|The Frankfurt-Tipp rating:|
|Production country:||USA 2012|
|Running time:||Approx. 138 min.|
It has been over twelve years since director Robert Zemeckis delivered his last live-action film, Cast Away. For a long time, it looked like Zemeckis would only make 3D motion capture movies after the successes of The Polar Express, The Legend of Beowulf, and A Christmas Story. But thankfully, he has reconsidered. Because with Flight, he finally proves once again what a good storyteller he can be when he doesn't have to focus primarily on technical gimmicks.
The drama centers on veteran pilot Captain Whip Whitaker (Denzel Washington), who, after years of experience, can fly his passengers safely across the United States virtually in his sleep. So he has no problem getting into the cockpit only slightly refreshed after a night of sex, drugs and alcohol. But what was supposed to be a routine flight soon threatens to end in disaster when the plane runs into severe turbulence and a series of technical problems send the plane into a nosedive that Whitaker and his young co-pilot seem unable to stop. It takes a spectacular maneuver for the captain to pull off the miracle: he brings the plane down, losing only six of the 96 people on board. He is quickly celebrated as a hero by the media. After all, it's clear to everyone: no one but Whitaker could have landed the plane. But the routine investigation sheds new light on the situation and especially on the hero of the hour. And while wily lawyer Hugh Lang (Don Cheadle) fights to keep Whitaker's reputation intact and avoid jail time, Whip is forced to confront his own demons. And that doesn't sit well with the pilot.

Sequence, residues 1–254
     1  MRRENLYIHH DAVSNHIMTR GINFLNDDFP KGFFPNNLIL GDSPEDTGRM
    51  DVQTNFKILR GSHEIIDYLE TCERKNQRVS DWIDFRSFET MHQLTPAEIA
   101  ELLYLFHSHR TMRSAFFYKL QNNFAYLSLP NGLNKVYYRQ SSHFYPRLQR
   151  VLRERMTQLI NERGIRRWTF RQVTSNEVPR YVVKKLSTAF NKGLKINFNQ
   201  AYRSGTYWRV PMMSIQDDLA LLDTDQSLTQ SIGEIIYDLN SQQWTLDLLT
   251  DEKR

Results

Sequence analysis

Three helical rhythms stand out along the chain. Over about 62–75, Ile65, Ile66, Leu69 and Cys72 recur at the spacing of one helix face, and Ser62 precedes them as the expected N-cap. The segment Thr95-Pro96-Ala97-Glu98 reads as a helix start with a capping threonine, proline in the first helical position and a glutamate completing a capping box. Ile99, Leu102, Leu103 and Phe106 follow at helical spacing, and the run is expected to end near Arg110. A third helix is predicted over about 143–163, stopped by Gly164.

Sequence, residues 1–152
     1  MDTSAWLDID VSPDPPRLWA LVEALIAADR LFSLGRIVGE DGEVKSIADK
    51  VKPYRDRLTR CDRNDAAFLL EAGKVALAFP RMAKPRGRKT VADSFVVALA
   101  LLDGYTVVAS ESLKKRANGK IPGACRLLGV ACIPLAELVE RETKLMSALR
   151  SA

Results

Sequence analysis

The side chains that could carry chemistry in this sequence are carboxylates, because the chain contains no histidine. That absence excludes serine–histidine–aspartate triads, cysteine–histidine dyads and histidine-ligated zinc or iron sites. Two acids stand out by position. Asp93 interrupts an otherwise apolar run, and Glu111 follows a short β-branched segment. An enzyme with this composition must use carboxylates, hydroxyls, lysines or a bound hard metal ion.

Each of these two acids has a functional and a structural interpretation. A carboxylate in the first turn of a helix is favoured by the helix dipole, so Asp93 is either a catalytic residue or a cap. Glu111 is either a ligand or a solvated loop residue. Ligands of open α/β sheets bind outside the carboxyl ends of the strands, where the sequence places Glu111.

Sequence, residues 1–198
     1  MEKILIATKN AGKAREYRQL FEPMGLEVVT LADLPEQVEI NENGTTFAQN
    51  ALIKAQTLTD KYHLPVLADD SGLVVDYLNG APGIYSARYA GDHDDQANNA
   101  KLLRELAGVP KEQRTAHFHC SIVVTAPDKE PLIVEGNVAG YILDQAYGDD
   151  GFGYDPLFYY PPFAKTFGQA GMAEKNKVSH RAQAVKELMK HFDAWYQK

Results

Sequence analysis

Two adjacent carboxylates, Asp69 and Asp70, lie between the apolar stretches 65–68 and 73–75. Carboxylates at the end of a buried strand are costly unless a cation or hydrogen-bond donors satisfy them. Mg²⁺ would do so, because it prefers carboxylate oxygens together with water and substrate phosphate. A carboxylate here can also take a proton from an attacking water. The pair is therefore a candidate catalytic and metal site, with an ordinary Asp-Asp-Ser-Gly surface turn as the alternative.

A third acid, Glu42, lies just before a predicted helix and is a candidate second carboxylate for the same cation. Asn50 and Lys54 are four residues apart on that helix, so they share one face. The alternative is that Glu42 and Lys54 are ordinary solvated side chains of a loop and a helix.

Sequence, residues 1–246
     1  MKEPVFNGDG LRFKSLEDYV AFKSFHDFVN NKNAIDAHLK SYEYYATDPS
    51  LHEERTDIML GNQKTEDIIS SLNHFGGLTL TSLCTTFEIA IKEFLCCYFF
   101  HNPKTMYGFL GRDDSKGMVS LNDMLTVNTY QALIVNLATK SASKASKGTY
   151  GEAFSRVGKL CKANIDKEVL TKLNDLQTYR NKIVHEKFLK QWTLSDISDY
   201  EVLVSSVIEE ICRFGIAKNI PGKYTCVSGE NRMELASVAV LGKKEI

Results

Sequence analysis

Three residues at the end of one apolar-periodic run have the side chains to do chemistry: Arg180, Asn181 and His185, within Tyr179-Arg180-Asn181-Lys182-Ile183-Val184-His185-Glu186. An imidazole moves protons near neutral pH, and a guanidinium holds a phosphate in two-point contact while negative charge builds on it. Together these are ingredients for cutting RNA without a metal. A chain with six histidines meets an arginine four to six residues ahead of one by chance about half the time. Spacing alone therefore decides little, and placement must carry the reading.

The first half hour of Flight is really great. This is not only due to the truly spectacularly staged plane crash, but also to the excellent performance of Denzel Washington, who is able to fully develop here due to the extremely strong script. And when John Goodman makes his truly divine first brief appearance, there's no doubt that Zemeckis hasn't forgotten his craft in live-action film. The whole thing is moving, amusing and thrilling. Great cinema entertainment doesn't really get any better than this.
The problem is that Flight rarely soars to such heights after this strong beginning. There are some great moments, thanks in particular to the very good acting. Otherwise, however, the drama about guilt and atonement rather leisurely ripples towards its unfortunately overdone finale. No question, the movie is still good even in its weaker moments and the story is very engaging. Especially the relationship between Whip and the unstable Nicole (Kelly Reilly) offers the viewer some very strong scenes. But unfortunately, John Gatis' screenplay relies too often on arguably predictable clichés, which takes away much of the suspense, especially in the second half. Had Zemeckis had the guts to go the darker route at the end instead of relying on the goodness of his characters, the drama could have not only been genuinely surprising, but also had a lasting effect. As it is, however, after a first-rate beginning, the whole thing descends into too thoughtful ordinariness to leave any real impression.
In the hands of a less talented director and carried by a weaker lead actor, Flight might even have become utterly meaningless. As it is, it at least turned out to be a very entertaining drama, at least in parts, with great visuals and some great moments, which could have done with more of the occasionally pleasantly biting humour and less of the kitsch laid on too thick at the end. Despite the obvious weaknesses, the bottom line is still a more than deserved: worth seeing!
An article by Frankfurt-Tipp